(27
th
ednOxford University Press, Oxford 2010
 –
2011) 478
 
Company Law Assignment3
common law approaches to regulating directors’ duties
.
21
Margaret Hodge (2007) outlined that thepurpose of s172 was to create
‘ 
a radical departure in articulating the connection between what isgood for a company and what is good for society at large
.’ 
22
 
On the basis that s172 is supposedly thesection which se
ts out the aim for codifying directors’ duties this must be the standard used to
explore whether the CA has resulted in a clearer view of what is expected from directors. In this areaof company law t
he pre CA approach entailed a stance where directors’ du
ties were regarded as
sui generis
23
 
to the company
 
and resembled the duties of a trustee in equity.
24
Lord Greene MR (1942)established a test to support this view which demonstrated that directors owed their duty to thecompany and not to shareholders or creditors within the context of bona fide.
25
It could be
suggested that Lord Greene’s test has been substantively changed with the introduction of the CA
and in particular s172 which now provides the judges with a subjective standard to assess thecompany against.
26
Lord Goldsmith (2006) supports the view that s172 will provide a means for
assessing directors’ actions and advocates that it is important for a company to have a mission
statement or an objective to strive towards.
27
The concept of a mission statement could be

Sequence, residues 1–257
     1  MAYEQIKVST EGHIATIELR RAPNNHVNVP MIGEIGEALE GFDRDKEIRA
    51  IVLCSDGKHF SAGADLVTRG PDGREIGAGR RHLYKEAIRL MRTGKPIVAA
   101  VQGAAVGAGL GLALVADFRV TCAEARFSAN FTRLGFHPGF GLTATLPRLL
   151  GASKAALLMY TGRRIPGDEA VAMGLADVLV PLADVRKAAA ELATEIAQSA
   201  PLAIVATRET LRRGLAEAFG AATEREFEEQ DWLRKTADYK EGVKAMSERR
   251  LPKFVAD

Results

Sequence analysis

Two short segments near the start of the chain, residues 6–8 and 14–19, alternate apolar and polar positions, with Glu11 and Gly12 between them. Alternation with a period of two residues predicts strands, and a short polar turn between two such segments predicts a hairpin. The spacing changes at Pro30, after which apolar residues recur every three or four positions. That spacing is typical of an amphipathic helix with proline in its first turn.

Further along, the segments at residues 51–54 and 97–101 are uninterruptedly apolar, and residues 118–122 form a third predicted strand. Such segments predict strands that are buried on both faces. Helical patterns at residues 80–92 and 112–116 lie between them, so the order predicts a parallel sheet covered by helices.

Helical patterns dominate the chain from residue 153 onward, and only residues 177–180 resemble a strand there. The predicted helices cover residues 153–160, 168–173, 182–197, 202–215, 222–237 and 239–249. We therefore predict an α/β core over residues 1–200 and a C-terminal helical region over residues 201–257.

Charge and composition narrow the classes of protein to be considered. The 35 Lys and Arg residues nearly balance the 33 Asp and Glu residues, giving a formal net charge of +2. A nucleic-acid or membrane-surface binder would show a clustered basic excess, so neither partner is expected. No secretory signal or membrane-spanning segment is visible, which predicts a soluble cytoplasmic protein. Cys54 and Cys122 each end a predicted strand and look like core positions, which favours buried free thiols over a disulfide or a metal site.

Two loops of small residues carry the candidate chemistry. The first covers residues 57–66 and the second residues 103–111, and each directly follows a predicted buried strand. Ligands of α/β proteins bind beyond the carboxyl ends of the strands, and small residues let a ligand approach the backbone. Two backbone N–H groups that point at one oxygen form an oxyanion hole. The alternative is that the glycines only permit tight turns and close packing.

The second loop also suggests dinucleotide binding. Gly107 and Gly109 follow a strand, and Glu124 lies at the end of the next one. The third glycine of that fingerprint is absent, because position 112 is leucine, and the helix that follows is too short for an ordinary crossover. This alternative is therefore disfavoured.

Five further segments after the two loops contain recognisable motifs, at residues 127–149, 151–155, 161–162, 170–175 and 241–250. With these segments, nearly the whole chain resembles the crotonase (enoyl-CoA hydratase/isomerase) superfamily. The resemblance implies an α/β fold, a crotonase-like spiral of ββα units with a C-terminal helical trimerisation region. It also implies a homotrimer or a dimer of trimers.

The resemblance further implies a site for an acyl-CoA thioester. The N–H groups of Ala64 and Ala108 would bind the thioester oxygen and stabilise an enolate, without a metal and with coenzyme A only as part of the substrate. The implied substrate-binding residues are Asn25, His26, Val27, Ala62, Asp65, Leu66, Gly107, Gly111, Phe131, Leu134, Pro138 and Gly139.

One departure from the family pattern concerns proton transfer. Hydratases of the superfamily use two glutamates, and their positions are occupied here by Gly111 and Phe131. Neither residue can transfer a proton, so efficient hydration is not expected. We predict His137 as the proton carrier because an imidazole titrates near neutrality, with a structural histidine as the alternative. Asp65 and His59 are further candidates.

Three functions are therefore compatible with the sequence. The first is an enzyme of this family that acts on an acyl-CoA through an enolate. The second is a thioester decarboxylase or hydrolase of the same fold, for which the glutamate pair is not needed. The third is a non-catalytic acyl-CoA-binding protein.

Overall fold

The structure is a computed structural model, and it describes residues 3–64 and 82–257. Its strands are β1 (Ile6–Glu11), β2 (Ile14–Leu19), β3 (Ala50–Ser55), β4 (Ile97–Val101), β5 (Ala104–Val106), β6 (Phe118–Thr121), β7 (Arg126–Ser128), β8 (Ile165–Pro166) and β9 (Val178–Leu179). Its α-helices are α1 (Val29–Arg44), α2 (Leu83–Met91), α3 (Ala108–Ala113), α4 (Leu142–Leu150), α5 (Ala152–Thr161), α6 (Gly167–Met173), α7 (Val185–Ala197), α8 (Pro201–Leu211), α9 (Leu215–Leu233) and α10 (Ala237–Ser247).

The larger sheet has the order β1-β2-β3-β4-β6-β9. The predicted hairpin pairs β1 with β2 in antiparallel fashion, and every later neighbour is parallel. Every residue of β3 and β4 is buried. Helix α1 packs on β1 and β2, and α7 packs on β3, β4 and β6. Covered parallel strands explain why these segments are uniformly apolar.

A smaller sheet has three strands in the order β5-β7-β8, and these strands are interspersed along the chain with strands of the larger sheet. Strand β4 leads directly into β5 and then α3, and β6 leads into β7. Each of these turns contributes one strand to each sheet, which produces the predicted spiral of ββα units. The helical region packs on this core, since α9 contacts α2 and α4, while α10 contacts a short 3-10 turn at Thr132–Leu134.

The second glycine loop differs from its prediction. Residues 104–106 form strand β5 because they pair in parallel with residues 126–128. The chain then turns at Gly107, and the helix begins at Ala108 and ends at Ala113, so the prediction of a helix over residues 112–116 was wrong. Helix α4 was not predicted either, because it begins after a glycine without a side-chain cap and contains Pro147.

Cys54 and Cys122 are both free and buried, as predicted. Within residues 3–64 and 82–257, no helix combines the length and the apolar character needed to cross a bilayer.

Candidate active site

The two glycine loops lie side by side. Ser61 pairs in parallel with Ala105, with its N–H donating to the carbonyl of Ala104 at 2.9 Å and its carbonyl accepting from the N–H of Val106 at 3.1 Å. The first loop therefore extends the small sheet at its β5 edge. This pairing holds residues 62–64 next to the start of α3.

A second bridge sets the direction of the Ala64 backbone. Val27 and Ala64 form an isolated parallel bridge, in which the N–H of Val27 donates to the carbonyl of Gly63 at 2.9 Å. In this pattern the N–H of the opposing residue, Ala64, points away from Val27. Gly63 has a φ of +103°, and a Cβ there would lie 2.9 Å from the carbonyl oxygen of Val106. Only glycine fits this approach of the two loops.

suggested to stem from the concept of ‘enlightened shareholder value.’
28
This concept providesdirectors with an aim and therefore their
‘success’ 
 
can be subjectively tested against the company’s
target. This section could therefore provide
 prima face
evidence that any practice should be in thebest interest of the company.
S172 of the CA has also been subject to heavy criticism with judges suggesting Hodge’s andGoldsmith’s ideal is perhaps delusional
and that the CA makes little difference to practical decision-making.
29
An example of the CA doing little to clarify the pre CA position can be evidenced by LordGlennie (2008)
30
who concludes in a judgement that section 172
‘appears to little more than set out 
the pre-existing law on the su
bject.’ 
31
 
Glennie’s contention shows there is a tension between the
legislators (government and Hodge in particular) and the judiciary (Glennie). The tension betweenthe government and the judiciary could suggest that the assertion that the CA has done
‘ 
little to
clarify or simplify the confused state of the case law’ 
has a grounding.
Glennie’s position
 demonstrates that the aims of the Companies Act to address some of the confusion within thecommon law may be flawed as it could be argued the CA has simply re
 –
stated various common lawprinciples in the legislation instead of refining them.
21
Ibid
22
 
Robert Godard, ‘Directors and their duties,’ (2010) 34 CSR 6, 46
 
23
 
Directors’ duties being described as
sui generis
means it is a concept that is ‘unique’ or ‘one of a kind;’
Oxford Dictionary of Law (6
th
edn Oxford University Press, Oxford, 2006) 520
24
 
Stephen Acton, ‘A new direction?’ (2008) 158 NLJ 606
 
25
Re Smith & Fawcett Ltd [1942] Ch 304, Derek French, Stephen Mayson & Christopher Ryan,
Mayson, Frenchand Ryan on Company law 
(27
th
edn Oxford University Press, Oxford 2010
 –
2011) 478
26
Lord Goldsmith, Lords Grand Committee, 6 February 2006
27
Ibid, column 255, 258
28
Len Sealy & Sarah Worthington,
Cases and Materials in Company Law 
(9
th
edn Oxford University Press,Oxford 2010) 319
 –
The concept is described as a
‘yardstick’ 
for directors duties rather than a mission
statement but in essence these promote the same goal; the ‘success of the company.’
 
29
 
Robert Godard, ‘Directors and their duties,’ (2010) 34 CSR 6, 46
 
30
Re West Coast Capital (LIOS) Limited [2008] CSOH 72
31
Ibid